## Sunday, March 31, 2013

### Masking & red cabbage dyeing Easter eggs

This year we colored Easter eggs with red cabbage juice. The patterns were made by masking the eggs with washi tape and candle wax.

To extract the color from red cabbage, I boiled slices of five large leaves in water with some vinegar, for roughly 30 minutes, then removed the cabbage leaves by straining, and allowed the dye to cool. On the right is a piece of cotton string we boiled with the cabbage. It turned a very nice purple, I'm hoping the dye will stick to it.

To get patterns on the eggs, we covered some parts of them with washi masking tape. We also used molten candle wax, applied with a small paint brush.

The eggs were soaked in the cabbage dye for a few hours.

Rinsing and removing the masking tape. The color is a nice blue, even though the cabbage was red and the dye purple! Red cabbage juice works as a pH indicator; it turns red when acidic and blue in alkaline solutions (and can even turn green or yellow for strong alkalines). It seems there is some chemistry going on in the shells.

The masking tape worked well - it kept the dye off the masked parts of the egg. Where two stripes of tape crossed each other an unexpected effect appeared: the upper stripe did not mask the egg perfectly just where it passed the lower stripe, giving an illusion of depth in the final pattern! The lines on the egg that appears to pass below another line were created where the tape stripe passed above another stripe.

The painted-on candle wax gave nice artistic effects!

The finished eggs. Happy Easter to everyone!

## Friday, March 15, 2013

### Favourite Games: Widelands

Widelands - a strategy game where you build up your civilization and defend it from your enemies. The best defense may well be striking first. Widelands is an open source game, and is said to be similar to Settlers II. The game is still evolving, but is already very enjoyable.

The game contains a complex economy, with different types of goods and buildings that produce goods or process goods from one form to another. In fact, building and then maintaining a working economy is the main part of the gameplay. There is also fighting with your neighbors, of course, but the battles take place with a minimal input. The only real choice is what to attack, and when to do it.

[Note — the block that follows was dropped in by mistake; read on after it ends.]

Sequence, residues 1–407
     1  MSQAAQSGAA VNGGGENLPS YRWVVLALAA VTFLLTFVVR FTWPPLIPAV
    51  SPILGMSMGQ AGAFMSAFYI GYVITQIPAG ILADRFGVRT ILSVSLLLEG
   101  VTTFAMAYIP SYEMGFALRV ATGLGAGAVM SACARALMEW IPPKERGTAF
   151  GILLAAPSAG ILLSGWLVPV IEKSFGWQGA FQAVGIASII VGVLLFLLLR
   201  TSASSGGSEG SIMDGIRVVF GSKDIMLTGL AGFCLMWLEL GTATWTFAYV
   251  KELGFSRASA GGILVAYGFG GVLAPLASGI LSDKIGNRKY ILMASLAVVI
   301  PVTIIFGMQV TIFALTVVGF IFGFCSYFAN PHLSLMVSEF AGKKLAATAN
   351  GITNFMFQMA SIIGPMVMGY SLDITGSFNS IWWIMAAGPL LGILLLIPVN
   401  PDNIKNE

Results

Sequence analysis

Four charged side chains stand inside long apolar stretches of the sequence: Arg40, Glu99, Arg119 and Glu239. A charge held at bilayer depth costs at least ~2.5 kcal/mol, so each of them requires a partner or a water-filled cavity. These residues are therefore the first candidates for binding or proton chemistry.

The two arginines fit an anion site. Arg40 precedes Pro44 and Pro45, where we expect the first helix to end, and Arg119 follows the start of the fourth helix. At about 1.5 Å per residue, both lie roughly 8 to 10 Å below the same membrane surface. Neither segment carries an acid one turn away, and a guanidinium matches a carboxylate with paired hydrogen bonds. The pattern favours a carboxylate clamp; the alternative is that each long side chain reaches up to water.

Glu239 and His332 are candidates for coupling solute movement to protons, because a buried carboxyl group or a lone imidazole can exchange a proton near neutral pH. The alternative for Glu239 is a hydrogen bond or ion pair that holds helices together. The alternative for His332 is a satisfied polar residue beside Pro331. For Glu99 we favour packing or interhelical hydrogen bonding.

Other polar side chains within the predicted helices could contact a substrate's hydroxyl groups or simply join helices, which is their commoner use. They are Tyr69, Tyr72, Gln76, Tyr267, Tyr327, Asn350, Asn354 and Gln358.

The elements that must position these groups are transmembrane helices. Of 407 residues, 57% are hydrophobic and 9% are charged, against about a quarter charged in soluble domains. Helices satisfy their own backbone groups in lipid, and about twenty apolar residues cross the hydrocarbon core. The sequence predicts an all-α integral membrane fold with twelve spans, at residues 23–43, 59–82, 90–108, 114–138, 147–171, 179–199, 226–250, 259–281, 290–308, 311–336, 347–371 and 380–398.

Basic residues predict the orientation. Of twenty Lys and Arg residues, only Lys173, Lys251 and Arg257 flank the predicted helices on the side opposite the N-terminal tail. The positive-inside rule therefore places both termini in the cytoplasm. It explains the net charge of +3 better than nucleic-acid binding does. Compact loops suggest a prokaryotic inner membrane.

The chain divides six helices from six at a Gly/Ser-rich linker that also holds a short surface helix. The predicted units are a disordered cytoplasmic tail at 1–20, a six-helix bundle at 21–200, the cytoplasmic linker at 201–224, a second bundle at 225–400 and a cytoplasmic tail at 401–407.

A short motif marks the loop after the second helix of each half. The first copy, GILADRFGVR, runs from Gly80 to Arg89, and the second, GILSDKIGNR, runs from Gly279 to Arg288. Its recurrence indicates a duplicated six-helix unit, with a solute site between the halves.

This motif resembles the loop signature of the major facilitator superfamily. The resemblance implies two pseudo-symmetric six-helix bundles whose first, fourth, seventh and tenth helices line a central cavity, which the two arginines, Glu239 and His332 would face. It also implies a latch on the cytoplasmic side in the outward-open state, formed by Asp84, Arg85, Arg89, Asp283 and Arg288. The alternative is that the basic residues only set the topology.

Each warrior needs an axe. Axes are made in an axe factory using iron and coal. Iron is made by combining coal and iron ore in a smelter, these two resources one gets by constructing a mine at a suitable mountain site. However, the miners work only when they are well fed, which requires bread, meat, or fish, prepared into meals in a tavern. Every item produced is transported along roads between the buildings, so having an efficient road network in necessary for a productive economy. When the flow of wares becomes too much for the carriers, one can breed oxen for use as pack animals.

I like building my empire more than I like fighting the other players, so it suits me fine that the game emphasizes construction over battles. It feels nice to construct an efficient system of factories. In the game I played while writing this post, I ran out of wood in the beginning and then all construction projects ground to a halt. I had a small border battle with my green neighbor, but that war fizzled out when we both ran out of fighters. Then I lost some time before constructing an axe factory, since I believed it required a master blacksmith (which it doesn't). Another thing that caused trouble is that upgrading a building wastes all resources in it. (To save them, one has to order the stores to be emptied before upgrading. This problem is discussed on the bug tracker.) My greedy neighbors left me alone for quite some time even though my defenses were very thin, but eventually they defeated me by burning down my head quarter and storage. I'll get them next time though.